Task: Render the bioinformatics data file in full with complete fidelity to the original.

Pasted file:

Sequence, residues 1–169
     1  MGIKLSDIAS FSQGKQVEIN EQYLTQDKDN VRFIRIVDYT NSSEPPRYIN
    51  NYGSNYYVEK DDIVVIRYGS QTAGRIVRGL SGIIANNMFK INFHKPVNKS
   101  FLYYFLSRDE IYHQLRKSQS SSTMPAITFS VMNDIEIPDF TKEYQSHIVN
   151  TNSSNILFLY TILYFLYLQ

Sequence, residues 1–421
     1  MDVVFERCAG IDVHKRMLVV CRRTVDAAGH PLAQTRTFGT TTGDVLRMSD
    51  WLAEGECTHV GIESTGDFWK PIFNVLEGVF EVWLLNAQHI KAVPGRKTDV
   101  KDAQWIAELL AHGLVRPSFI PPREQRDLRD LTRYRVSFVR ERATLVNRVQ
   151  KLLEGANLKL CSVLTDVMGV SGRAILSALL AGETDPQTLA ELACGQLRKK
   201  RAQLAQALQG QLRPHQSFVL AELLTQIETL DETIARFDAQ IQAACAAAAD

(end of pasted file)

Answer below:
Sequence, residues 1–169
     1  MGIKLSDIAS FSQGKQVEIN EQYLTQDKDN VRFIRIVDYT NSSEPPRYIN
    51  NYGSNYYVEK DDIVVIRYGS QTAGRIVRGL SGIIANNMFK INFHKPVNKS
   101  FLYYFLSRDE IYHQLRKSQS SSTMPAITFS VMNDIEIPDF TKEYQSHIVN
   151  TNSSNILFLY TILYFLYLQ

Sequence, residues 1–421
     1  MDVVFERCAG IDVHKRMLVV CRRTVDAAGH PLAQTRTFGT TTGDVLRMSD
    51  WLAEGECTHV GIESTGDFWK PIFNVLEGVF EVWLLNAQHI KAVPGRKTDV
   101  KDAQWIAELL AHGLVRPSFI PPREQRDLRD LTRYRVSFVR ERATLVNRVQ
   151  KLLEGANLKL CSVLTDVMGV SGRAILSALL AGETDPQTLA ELACGQLRKK
   201  RAQLAQALQG QLRPHQSFVL AELLTQIETL DETIARFDAQ IQAACAAAAD